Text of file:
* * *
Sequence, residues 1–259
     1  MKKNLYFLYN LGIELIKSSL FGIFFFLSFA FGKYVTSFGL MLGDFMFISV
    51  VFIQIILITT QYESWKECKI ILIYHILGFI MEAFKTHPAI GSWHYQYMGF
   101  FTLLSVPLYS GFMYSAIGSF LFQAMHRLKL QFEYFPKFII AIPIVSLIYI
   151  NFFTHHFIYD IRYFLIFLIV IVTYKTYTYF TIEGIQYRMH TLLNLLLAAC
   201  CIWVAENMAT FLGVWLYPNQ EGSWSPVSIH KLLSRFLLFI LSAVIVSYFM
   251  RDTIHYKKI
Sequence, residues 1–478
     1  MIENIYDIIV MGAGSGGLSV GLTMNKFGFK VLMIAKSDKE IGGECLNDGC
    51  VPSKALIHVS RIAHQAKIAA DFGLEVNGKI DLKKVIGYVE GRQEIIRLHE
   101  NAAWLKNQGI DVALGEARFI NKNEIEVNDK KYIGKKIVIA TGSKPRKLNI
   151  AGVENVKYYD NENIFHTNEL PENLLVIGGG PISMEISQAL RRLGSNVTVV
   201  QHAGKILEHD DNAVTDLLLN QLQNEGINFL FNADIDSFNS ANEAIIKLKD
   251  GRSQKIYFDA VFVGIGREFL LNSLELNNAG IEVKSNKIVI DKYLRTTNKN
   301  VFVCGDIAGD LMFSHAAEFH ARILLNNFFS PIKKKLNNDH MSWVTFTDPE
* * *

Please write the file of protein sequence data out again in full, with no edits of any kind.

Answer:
Sequence, residues 1–259
     1  MKKNLYFLYN LGIELIKSSL FGIFFFLSFA FGKYVTSFGL MLGDFMFISV
    51  VFIQIILITT QYESWKECKI ILIYHILGFI MEAFKTHPAI GSWHYQYMGF
   101  FTLLSVPLYS GFMYSAIGSF LFQAMHRLKL QFEYFPKFII AIPIVSLIYI
   151  NFFTHHFIYD IRYFLIFLIV IVTYKTYTYF TIEGIQYRMH TLLNLLLAAC
   201  CIWVAENMAT FLGVWLYPNQ EGSWSPVSIH KLLSRFLLFI LSAVIVSYFM
   251  RDTIHYKKI
Sequence, residues 1–478
     1  MIENIYDIIV MGAGSGGLSV GLTMNKFGFK VLMIAKSDKE IGGECLNDGC
    51  VPSKALIHVS RIAHQAKIAA DFGLEVNGKI DLKKVIGYVE GRQEIIRLHE
   101  NAAWLKNQGI DVALGEARFI NKNEIEVNDK KYIGKKIVIA TGSKPRKLNI
   151  AGVENVKYYD NENIFHTNEL PENLLVIGGG PISMEISQAL RRLGSNVTVV
   201  QHAGKILEHD DNAVTDLLLN QLQNEGINFL FNADIDSFNS ANEAIIKLKD
   251  GRSQKIYFDA VFVGIGREFL LNSLELNNAG IEVKSNKIVI DKYLRTTNKN
   301  VFVCGDIAGD LMFSHAAEFH ARILLNNFFS PIKKKLNNDH MSWVTFTDPE